Writing context free grammars
Introduction: As hinted above, a regular expression can systematically be rewritten as a context free grammar by using a non-terminal for every sub-expression in the regular expression and using one or two productions for each non-terminal.
The construction is shown in figure 3.1. So, if we can think of a way of expressing a language as a regular expression, it is easy to make a grammar for it. However, we will also want to use grammars to describe non-regular languages. An example is the kind of arithmetic expressions that are part of most programming languages (and also found on electronic calculators). Such expressions can be described by grammar 3.2. Note that, as mentioned in section 2.10, the matching parentheses cannot be described by regular expressions, as these cannot “count” the number of unmatched opening parentheses at a particular point in the string. However, if we did not have parentheses in the language, it could be described by the regular expression
Num (( |-|*j/) num)*
Even so, the regular description is not useful if you want operators to have different precedence, as it treats the expression as a flat string rather than as having structure. We will look at structure in sections 3.3.1 and 3.4.
Most constructions from programming languages are easily expressed by context free grammars. In fact, most modern languages are designed this way.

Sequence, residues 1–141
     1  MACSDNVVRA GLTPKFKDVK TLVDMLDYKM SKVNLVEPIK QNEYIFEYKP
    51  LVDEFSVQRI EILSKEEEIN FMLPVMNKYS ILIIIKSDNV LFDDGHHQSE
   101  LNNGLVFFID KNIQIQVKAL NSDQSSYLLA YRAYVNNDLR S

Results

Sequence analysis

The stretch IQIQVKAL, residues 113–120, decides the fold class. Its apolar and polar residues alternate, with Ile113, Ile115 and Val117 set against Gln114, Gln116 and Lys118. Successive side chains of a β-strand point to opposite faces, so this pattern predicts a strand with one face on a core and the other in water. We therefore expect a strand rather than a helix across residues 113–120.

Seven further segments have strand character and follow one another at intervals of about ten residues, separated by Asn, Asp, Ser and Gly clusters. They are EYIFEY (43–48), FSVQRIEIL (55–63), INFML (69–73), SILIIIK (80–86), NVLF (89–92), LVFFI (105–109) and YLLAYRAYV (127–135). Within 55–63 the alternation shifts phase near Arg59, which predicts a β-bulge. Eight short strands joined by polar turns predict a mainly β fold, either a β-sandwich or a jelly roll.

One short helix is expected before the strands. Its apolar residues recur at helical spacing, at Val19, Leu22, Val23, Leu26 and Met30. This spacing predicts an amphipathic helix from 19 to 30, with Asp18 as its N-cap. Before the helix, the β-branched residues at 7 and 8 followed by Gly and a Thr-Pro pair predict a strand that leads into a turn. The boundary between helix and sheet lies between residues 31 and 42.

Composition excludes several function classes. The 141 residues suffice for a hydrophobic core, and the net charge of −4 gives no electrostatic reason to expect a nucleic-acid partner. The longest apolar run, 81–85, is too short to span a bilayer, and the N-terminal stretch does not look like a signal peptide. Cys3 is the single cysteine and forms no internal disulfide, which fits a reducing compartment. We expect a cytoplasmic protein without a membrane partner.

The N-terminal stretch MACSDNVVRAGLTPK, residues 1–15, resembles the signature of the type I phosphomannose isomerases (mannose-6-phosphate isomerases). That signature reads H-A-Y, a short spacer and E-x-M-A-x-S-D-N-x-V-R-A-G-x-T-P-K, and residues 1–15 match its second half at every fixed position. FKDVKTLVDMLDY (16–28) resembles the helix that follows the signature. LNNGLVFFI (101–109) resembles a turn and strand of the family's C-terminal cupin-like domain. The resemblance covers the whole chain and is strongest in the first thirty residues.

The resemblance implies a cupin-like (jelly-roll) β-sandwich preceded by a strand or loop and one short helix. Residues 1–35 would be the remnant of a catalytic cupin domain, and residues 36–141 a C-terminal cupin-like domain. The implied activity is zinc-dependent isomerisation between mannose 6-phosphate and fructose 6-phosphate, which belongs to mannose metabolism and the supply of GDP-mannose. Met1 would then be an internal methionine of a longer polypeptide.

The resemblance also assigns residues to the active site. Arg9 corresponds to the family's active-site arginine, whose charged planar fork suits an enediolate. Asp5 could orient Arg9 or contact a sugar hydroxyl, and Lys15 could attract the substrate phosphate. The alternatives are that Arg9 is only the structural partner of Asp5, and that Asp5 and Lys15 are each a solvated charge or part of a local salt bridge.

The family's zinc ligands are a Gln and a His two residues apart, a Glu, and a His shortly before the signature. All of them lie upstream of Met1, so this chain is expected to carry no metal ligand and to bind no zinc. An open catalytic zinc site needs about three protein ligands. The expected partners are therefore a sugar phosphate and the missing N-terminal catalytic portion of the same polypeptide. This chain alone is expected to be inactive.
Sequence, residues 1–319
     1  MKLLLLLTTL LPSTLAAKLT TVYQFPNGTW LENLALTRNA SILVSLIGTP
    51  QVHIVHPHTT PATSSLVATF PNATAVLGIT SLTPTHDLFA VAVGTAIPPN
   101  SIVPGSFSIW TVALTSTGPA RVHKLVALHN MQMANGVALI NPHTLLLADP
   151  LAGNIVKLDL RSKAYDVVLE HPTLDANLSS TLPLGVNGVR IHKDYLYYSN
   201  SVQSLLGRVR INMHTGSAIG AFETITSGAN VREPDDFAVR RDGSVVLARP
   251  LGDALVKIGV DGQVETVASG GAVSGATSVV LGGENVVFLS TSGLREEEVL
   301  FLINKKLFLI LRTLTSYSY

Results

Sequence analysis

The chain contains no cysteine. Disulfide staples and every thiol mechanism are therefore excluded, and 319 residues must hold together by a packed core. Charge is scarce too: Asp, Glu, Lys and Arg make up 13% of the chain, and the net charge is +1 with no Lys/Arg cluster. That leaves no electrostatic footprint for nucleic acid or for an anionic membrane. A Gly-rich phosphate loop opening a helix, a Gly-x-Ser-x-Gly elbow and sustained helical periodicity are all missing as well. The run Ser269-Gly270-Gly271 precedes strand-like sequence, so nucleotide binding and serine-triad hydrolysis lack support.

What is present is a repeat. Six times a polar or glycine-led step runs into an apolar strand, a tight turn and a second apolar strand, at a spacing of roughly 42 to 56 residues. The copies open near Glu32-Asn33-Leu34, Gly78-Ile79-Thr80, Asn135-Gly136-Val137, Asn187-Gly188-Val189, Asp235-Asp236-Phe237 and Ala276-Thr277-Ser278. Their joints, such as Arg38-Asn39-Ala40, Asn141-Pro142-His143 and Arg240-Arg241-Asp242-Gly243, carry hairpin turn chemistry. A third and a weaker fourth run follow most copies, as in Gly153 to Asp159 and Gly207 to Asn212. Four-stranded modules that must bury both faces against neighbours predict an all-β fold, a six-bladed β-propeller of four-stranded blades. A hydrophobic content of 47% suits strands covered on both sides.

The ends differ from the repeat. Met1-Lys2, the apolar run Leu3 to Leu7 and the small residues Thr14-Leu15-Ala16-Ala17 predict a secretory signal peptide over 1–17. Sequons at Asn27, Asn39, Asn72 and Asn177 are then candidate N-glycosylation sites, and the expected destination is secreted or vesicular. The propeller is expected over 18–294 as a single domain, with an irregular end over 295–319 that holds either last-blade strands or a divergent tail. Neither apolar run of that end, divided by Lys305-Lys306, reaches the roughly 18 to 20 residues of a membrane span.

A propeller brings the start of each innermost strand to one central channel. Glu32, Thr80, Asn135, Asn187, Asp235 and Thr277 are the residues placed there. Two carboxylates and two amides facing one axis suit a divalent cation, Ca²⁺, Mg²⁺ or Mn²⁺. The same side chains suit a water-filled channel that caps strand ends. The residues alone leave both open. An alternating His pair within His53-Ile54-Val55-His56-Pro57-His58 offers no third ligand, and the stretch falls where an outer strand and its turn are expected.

Exp -> Exp Exp
Exp -> Exp-Exp
Exp -> Exp*Exp
Exp -> Exp/Exp
Exp -> num
Exp -> (Exp)
Grammar 3.2: Simple expression grammar
Stat -> id :=Exp
Stat -> Stat ; Stat
Stat -> if Exp then Stat else Stat
Stat -> if Exp then Stat
Grammar 3.3: Simple statement grammar
When writing a grammar for a programming language, one normally starts by dividing the constructs of the language into different syntactic categories. A syntactic category is a sub-language that embodies a particular concept. Examples of common syntactic categories in programming languages are:
Expressions are used to express calculation of values.
Statements express actions that occur in a particular sequence.
Declarations express properties of names used in other parts of the program.
Each syntactic category is denoted by a main non-terminal, e.g., Exp from grammar 3.2. More non-terminals might be needed to describe a syntactic category or provide structure to it, as we shall see, and productions for one syntactic category can refer to non-terminals for other syntactic categories. For example, statements may contain expressions, so some of the productions for statements use the main non-terminal for expressions. A simple grammar for statements might look like grammar 3.3, which refers to the Exp non-terminal from grammar 3.2.